Chef Diana with tools of her trade. Photo by Brad Jacobsen

Chef Diana with tools of her trade. Photo by Brad Jacobsen

The large plate offerings change regularly, but a few seem to be always available. Among these is a polarizing item, black pea fritters over African yellow curry with peanut chili relish. The fritters are similar to falafel, which makes sense because there has been commerce between East Africa, Arabia and India for over 1,000 years. The combination of fritters with curry is delicious, but it’s missing something – rice. That would be served in East Africa, India, or anywhere but here. It’s needed to soak up the soupy curry. This is a problem throughout the menu. Except for fries served with their burger and steak, there are no starches with items that would usually be served with bread, rice, or potatoes. It makes dishes unbalanced and it’s hard to imagine why they do it. If I made bread as good as their sourdough I’d serve it with everything just to show off.

When we ordered the roast half chicken, we were served nothing but the pieces of bird with a bit of sauce and shreds of pickled onion. We might have dismissed this as a way to run up the bill with side dishes, but they only offered two sides that evening — creamed corn and some of the same carrots that are on the carrotology plate. While those are both enjoyable items they’re sweet and rich and a simple starch or a sautéed vegetable like chard or spinach would be a better pairing.

When the kitchen does hit that balance, Stavaridis ranks with the best chefs in the South Bay. The pan-roasted wild king salmon over cranberry beans, sweet corn, and summer squash is an example. The vegetables with beans are an American classic combination that perfectly suits the fish.  The fresh cress that topped it added a wonderful peppery, grassy finish. I hope they keep this on the menu as long as they can get the fresh salmon.

The Cook Ranch pork chop is another winner, a steakhouse-style treatment of meat from a farm near

The pork steak at Manhattan House. Photo by Richard Foss.

The pork steak at Manhattan House. Photo by Richard Foss.

San Diego where free-range pigs live on their natural diet of acorns. The meat is phenomenally flavorful, and benefits from being carefully cooked to medium rather than the medium-well that is typical in California. The herb salad with lemon-mustard vinaigrette was nicely chosen to counter the richness of the meat. If you’re a dedicated carnivore this could be the best meal of your week.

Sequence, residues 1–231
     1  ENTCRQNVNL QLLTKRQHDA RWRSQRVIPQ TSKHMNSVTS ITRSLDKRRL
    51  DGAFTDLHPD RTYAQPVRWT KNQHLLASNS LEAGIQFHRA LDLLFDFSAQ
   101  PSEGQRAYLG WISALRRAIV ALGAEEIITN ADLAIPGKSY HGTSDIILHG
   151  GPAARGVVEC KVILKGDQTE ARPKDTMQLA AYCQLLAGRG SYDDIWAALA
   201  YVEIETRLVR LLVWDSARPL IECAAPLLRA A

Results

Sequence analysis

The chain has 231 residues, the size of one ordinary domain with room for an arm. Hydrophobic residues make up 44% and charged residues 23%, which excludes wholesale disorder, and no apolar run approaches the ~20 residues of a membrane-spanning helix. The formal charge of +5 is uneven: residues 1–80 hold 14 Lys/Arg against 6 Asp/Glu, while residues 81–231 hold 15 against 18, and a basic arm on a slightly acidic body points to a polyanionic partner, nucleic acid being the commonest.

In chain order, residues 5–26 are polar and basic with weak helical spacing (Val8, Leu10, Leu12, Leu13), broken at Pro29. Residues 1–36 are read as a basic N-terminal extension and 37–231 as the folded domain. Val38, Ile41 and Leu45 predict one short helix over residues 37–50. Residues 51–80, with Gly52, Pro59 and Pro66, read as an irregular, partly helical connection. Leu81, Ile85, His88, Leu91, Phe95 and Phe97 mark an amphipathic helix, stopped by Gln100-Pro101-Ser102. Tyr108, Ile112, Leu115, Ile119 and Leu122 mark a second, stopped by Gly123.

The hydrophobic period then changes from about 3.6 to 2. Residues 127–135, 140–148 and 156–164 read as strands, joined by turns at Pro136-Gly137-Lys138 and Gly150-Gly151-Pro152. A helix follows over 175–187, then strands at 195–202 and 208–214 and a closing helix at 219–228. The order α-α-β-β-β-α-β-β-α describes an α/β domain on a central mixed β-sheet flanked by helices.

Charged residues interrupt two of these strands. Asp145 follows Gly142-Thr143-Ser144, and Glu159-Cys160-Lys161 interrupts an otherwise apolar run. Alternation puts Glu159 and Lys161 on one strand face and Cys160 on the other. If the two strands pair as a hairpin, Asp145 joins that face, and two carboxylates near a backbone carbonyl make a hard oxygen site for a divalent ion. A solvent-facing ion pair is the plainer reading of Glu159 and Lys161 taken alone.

The bar has a good selection of boutique bottles and knows how to use them in cocktails. The Hollywood Bowl, berries with cognac, sparkling wine, and Cointreau, is a good summer cooler, and they make very good Manhattans and other classics. The oddest is their “Howard” cocktail, a Sazerac made with duck fat-infused rye whiskey. If someone had served me one without telling me what was in it I would never have guessed it, but I would have wondered about that elusive rich, slightly smoky flavor. It’s an off-beat drink worth trying.    

Desserts are offered. We tried a creamy, tart lemon ricotta pudding and a very light flourless chocolate cake that had an unusually rich chocolate flavor. The bill for all this goodness was hefty. Our most recent meal for two ran $165 with three cocktails. Both in price and quality, this restaurant is not to be compared with the much more modest offerings currently in the area, but more with places like Arthur J’s, Love & Salt, and the Strand House. To say that Manhattan House deserves to be in that company is high praise, but to stay in that company they’ll need to broaden the menu and improve minor service hiccups. The gentrification of East Manhattan and the highway corridor is in progress so this could be the place that sets the pace.

The Manhattan House is at 1019 Manhattan Beach Boulevard. Open 5 p.m. ‘til midnight daily. Parking lot, wheelchair access good. Vegetarian, vegan, and gluten free meals available. Full bar, Corkage $19. Menu at Reservations recommended: (310) 574-2277. B


comments so far. Comments posted to may be reprinted in the Easy Reader print edition, which is published each Thursday.

You must be logged in to post a comment Login